As a drum instructor, I always preached the importance of hearing protection for my students, especially those under a certain age. This advice was always followed by a few recommendations to for parents on their options for hearing protection, which I thought I would compile for you here.
Safe and Effective Hearing Protection Options for Kid Drummers:
- Good: Foam Earplugs
- Better: Noise Reduction Ear Muffs
- Best: Drummer Headphones
- Even Better: Custom Fit Earphones (In-Ear Monitors)
Let’s dig into the details of why hearing protection is so important before we dig into each option, including pros and cons so that you can take the worry out of protecting your kiddos ears.
The Basics of Hearing Protection
The human ear is a pretty amazing organ and one which we don’t think about too often as we tend to take it for granted. I won’t go into the details here of how our ears actually work, but I do think it’s important to highlight that our ears actually have a bit of hearing protection built in.
Now don’t get me wrong here, damage to our ears can occur at any time with any loud sounds, no matter how long in duration they are. That said, our ears will actually do a decent job of protecting us from short bursts of loud volume noise.
What is most dangerous though is prolonged and unprotected exposure to loud volume. Similar to how your skin won’t necessarily burn when exposed to the sun for a couple of minutes, our ears can withstand reasonably loud volume sounds for a short amount of time.
Attending concerts, visiting construction sites and practicing drums are all examples of prolonged exposure to loud sounds and should therefore be accompanied by effective hearing protection in the form of ear plugs, ear muffs, or noise reduction headphones.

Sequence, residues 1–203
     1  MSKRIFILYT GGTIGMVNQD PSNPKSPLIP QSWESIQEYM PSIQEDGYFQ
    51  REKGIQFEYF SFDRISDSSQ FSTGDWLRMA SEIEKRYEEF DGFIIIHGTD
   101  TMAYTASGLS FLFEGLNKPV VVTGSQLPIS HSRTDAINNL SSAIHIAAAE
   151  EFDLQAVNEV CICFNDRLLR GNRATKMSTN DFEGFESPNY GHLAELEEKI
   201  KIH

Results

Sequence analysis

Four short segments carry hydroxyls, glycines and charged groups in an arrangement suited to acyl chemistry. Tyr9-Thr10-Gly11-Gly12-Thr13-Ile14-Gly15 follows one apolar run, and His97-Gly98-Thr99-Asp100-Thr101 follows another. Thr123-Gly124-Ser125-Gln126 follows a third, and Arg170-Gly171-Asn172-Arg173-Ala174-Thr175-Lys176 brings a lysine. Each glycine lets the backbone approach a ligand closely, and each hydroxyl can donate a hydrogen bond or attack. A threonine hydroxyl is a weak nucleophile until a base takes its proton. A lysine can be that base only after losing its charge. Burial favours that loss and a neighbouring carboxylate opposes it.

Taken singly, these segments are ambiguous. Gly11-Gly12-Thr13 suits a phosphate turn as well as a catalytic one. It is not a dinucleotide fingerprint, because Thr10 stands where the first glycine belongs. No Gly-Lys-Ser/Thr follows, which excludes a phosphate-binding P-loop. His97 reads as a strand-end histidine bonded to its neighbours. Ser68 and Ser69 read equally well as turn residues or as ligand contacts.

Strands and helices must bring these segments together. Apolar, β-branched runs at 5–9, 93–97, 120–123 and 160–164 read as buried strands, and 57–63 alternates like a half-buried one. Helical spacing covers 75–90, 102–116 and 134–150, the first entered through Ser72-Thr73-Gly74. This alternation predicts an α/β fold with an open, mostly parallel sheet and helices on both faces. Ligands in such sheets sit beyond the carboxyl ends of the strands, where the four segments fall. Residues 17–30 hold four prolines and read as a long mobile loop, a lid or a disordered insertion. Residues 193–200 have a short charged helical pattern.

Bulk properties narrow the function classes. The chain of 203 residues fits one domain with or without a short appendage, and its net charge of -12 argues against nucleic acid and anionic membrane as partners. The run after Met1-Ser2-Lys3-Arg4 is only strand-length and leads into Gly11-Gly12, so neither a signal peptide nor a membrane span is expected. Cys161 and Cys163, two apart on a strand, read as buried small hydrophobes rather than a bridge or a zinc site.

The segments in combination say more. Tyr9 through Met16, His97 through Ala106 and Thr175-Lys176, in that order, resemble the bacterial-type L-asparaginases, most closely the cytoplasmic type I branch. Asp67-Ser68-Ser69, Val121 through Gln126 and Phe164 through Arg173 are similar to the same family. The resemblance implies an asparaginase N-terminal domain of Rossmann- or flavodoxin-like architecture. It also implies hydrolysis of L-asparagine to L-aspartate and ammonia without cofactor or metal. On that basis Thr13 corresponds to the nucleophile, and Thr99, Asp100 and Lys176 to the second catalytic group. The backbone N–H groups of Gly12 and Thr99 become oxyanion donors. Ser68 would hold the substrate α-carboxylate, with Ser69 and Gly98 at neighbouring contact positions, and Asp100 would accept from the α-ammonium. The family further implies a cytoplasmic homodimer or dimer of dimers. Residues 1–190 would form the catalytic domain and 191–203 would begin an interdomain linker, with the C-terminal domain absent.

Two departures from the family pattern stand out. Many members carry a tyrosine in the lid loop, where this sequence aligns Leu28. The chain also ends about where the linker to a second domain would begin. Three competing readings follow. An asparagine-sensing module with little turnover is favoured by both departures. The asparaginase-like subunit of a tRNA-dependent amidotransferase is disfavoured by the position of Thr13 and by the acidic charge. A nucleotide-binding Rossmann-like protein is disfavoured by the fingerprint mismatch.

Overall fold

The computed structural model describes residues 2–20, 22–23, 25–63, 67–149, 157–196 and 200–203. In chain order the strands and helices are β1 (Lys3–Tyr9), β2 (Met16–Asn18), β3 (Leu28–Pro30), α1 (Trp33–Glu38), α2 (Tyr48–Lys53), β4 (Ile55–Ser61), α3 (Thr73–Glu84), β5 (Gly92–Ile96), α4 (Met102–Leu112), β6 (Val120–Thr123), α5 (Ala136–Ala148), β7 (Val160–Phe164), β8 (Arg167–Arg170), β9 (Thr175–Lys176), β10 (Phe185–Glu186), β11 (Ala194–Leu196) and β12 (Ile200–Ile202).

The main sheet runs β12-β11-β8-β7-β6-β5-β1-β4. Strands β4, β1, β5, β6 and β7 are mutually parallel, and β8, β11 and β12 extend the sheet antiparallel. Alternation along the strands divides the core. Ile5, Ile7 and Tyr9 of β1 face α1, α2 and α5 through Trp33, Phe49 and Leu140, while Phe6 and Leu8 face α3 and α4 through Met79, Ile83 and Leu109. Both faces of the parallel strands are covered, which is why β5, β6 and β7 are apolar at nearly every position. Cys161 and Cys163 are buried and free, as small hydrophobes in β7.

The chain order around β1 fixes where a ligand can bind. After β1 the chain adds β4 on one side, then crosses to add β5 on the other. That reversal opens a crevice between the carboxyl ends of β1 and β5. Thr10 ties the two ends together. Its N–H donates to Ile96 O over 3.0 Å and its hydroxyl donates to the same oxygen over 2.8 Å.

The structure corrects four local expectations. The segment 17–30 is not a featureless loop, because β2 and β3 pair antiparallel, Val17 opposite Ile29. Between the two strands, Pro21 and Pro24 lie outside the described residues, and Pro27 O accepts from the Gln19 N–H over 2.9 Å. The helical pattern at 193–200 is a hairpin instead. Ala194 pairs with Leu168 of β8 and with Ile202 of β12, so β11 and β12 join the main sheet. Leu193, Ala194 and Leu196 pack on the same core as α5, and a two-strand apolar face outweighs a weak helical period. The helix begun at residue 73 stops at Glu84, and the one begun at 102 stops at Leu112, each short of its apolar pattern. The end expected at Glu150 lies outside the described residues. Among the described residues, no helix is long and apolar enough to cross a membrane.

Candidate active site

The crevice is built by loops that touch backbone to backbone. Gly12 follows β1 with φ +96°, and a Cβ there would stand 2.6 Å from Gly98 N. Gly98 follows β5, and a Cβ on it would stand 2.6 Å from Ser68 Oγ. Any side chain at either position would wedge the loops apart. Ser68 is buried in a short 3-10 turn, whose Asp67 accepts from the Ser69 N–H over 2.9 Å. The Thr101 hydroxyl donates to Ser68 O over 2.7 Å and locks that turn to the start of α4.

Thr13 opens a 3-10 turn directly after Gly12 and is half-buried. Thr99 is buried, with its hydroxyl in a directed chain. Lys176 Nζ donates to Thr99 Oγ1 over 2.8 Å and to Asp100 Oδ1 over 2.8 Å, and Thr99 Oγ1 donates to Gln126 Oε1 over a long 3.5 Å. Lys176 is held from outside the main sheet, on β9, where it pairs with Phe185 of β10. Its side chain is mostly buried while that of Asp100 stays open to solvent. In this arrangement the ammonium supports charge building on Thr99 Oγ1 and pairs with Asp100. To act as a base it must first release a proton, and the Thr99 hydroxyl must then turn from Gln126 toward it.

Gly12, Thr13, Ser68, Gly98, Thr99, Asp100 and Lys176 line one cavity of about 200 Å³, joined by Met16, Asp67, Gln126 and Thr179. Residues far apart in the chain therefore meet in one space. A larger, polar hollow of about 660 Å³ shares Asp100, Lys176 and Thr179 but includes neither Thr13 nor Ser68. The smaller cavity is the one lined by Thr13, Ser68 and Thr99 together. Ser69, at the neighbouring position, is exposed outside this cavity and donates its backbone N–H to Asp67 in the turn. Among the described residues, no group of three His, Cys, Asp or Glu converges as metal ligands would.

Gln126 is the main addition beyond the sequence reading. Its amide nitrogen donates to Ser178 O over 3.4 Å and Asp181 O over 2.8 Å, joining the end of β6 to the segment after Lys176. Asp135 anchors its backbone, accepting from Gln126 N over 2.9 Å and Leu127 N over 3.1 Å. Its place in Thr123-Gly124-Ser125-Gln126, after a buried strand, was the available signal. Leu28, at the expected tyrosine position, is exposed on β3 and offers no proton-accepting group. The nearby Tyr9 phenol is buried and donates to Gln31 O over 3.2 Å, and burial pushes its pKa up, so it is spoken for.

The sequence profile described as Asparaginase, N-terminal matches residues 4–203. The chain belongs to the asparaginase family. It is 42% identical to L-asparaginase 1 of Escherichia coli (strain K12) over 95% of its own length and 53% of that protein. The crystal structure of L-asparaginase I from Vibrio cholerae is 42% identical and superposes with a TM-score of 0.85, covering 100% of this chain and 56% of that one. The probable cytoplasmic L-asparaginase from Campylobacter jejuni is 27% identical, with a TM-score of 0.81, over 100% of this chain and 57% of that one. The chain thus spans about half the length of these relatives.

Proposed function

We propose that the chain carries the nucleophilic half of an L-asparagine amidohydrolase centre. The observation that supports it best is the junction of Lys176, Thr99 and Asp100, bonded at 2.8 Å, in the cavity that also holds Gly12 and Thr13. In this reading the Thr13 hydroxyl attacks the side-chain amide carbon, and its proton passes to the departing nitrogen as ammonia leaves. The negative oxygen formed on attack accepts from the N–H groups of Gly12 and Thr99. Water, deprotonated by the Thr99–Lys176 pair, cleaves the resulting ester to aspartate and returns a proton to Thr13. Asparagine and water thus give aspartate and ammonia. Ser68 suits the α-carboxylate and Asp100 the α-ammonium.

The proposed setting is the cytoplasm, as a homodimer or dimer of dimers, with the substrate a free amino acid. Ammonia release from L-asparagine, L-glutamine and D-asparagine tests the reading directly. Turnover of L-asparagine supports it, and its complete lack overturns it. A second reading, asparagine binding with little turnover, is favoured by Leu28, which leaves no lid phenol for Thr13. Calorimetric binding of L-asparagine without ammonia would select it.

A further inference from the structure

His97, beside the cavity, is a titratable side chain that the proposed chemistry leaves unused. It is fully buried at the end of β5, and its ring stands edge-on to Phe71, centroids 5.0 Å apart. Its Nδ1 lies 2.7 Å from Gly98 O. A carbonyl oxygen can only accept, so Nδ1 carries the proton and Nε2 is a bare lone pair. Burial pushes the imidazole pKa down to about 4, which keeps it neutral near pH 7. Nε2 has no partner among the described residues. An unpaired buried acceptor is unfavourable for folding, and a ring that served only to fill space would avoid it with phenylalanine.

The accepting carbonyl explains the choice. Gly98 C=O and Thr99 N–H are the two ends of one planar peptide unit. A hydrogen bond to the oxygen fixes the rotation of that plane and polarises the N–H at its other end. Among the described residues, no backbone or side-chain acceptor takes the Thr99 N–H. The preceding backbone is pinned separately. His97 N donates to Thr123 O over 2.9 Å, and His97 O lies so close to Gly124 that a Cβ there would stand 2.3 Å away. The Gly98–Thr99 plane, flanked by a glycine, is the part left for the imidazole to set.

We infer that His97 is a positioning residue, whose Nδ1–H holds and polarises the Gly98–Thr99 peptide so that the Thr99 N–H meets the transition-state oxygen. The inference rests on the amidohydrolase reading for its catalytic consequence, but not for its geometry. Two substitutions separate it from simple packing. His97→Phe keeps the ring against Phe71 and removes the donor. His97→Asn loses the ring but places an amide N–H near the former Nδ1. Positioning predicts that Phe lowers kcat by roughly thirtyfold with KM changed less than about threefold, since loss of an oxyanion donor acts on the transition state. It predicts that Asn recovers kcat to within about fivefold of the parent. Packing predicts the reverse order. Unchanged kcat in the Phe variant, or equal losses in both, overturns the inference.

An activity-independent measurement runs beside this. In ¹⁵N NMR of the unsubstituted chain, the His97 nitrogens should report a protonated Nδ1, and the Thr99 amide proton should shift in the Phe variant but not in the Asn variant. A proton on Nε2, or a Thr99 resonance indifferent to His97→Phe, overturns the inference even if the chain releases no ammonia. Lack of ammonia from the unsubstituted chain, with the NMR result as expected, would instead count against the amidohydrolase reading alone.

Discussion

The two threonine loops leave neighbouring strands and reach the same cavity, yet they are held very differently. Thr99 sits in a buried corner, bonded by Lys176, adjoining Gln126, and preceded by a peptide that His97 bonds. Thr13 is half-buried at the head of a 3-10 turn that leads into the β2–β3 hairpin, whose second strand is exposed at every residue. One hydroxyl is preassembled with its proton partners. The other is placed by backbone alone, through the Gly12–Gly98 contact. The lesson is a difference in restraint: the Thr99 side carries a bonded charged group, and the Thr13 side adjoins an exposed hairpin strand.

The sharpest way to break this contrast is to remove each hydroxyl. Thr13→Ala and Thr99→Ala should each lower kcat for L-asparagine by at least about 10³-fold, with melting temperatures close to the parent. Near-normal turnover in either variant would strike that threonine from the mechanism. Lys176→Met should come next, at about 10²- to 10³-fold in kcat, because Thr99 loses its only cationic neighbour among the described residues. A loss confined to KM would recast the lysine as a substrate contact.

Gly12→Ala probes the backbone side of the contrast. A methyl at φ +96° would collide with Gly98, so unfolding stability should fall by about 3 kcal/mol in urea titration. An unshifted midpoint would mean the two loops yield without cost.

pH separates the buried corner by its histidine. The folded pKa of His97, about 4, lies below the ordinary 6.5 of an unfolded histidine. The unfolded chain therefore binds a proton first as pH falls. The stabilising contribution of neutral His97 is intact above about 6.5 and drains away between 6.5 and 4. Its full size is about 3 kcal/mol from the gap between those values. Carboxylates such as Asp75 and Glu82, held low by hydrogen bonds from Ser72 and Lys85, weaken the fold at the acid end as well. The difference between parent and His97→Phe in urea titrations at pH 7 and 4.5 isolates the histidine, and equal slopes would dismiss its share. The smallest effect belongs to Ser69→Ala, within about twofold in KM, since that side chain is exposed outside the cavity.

The reason why this is especially critical in young children is that their ears, while not necessarily more sensitive to loud sounds, are more susceptible to ear damage primarily because their skulls are thinner and less developed than those of an adult.
Long story short: hearing protection is NEVER a bad idea no matter who you are, but because our children (especially infants and really young children) don’t always have the capacity to choose to wear hearing protection, we as adults must take that responsibility on for them.
Suggested Reading: I did some research on tinnitus (ringing in the ears) specifically for drummers and wrote an article about it, which you might find interesting.
What follows is a run-down of the most common hearing protection solutions for kids.
Good: Foam Ear Plugs
|Very Inexpensive||Limits your headphone options|
|Portable||Can be uncomfortable for little kiddo ears|
|Easily attainable||Potentially difficult to put in|
While there are several different styles of these earplugs, they all basically function the same and I’m willing to bet that the majority of you have used them in the past. In case you haven’t, their use is quite easy: roll the cylinder up tight, insert it into your ear and let it expand.